Anguished parents today managed to persuade only 51 of nearly 400 black Rhodesian youths to return home and abandon plans to enlists as guerrillas in the war against white-minority rule.
The teen-age boys and girls from the Manama Lutheran mission school in Rhodesia corssed into Botswana a week ago after armed guerrillas called at the mission.
Botswana, which arranged today's meetings with weeping mothers and often angry fathers, says the youths came across voluntarily.Rhodesia says they were kidnaped at gunpoint.
"I don not think I will ever see her again," said Bulawayo clerk Samson Nare, after his 17-year-old daughter Listanelo elected to stay.
His words summed up the anguish and the bewilderment of many of the 140 parents brought here.
Of of the 51 youths who did go home, most were girls aged 13 to 16. Two others left for Rhodesia yesterday. With a crowd of some 30 journalists on the scene today, many of the youths appeared reluctant to talk, making an accurate assessment of their views difficult.
Those who decided to stay behind were not here to wave good-bye as the convoy of eight half-empty buses with their parents aboard pulled out. They were back in a camp on the outskirts of town where they await the next move - to guerrilla training bases in Zambia. A total of 384 children made the trek across the border a week ago.
The parents who came here today were prevented from crossing the border yesterday because they did not have the funds to pay a bus customs fee of about $350. The Rhodesian government paid the fee today. Botswana is one of the five African nations actively supporting the black insurgency in Rhodesia.
The parent-child interviews were supervised by three Red Cross officials, British diplomat Peter Raftery, two Catholic priests from Rhodesia and Charles Tibone, administrative secretary in the office of Botswana President Seretse Khama.
Timothy Sithole, a clerk from Bulawayo, found that two of his dauther, Elaine, 13, and Knowledge, 15, wanted to come home with him while his son, Danny, 17, refused to do so.
Sithole said: "Danny said that some of the elder boys would kill him later if he came back with me. I think he wanted to come but he was just too afraid. My daughters said that they were forced to leave the school in the first place and they didn't want to join the terrorists."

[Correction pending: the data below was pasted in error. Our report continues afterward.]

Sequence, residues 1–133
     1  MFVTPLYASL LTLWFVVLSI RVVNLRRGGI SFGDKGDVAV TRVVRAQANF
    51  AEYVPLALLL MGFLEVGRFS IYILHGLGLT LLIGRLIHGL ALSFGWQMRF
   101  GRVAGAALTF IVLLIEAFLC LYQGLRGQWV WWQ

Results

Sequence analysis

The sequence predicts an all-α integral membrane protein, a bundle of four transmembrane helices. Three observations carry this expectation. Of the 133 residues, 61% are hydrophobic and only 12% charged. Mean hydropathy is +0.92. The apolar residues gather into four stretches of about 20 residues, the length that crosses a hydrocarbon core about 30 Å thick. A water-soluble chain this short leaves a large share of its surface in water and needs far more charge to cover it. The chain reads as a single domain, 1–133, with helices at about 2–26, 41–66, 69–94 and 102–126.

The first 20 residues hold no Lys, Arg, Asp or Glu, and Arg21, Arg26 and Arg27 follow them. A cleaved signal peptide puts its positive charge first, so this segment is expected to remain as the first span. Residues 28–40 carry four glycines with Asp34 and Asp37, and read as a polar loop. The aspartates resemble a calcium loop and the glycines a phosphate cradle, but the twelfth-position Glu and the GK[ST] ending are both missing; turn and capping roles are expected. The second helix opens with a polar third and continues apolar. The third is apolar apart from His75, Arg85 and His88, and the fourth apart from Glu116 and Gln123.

His daughter Knowledge described what happened just one week ago at the lonely mission school."It was decided at our school that we must go. We came with the teachers. We came because they forced us. The teachers led us across. I didn't see any guns."
Another youth who chose to return, James Mkamba, was asked how he decided to return.
"I came here of my own will and I am going back with my father of my own will. Next year I think I will still go to Zambia. I want to learn a lot there," he responded.
Sampson Nare, a 49-year-old teacher, failed to persuade his 17-year-old daughter, Litsoaneleo, to return. He said: "I don't think I shall ever see her again. She told me that she was going to a better school and I asked her what was wrong with the one she had left. I only talked with her for 15 minutes and she said that she missed her family. She did seem happy all the same, and I cannot believe that she really knows why she is doing this or where she is going."
Asked if his daughter had voiced and sympathy for nationalists or their cause, Nare replied, "No, never. We never talked about such things at home."
Police escorted the girl, in a red dress, her back turned to the camera, to a waiting van which would take her to an uncertain future.
Even the daughter of the Manama school headmaster was reported to have elected to stay behind. The headmaster, Jeffias Ngwenya, apparently grief-stricken, did not come out to meet reporters.
A Rhodesian television crew, arrested yesterday while covering the story, is expected to appear in court Monday.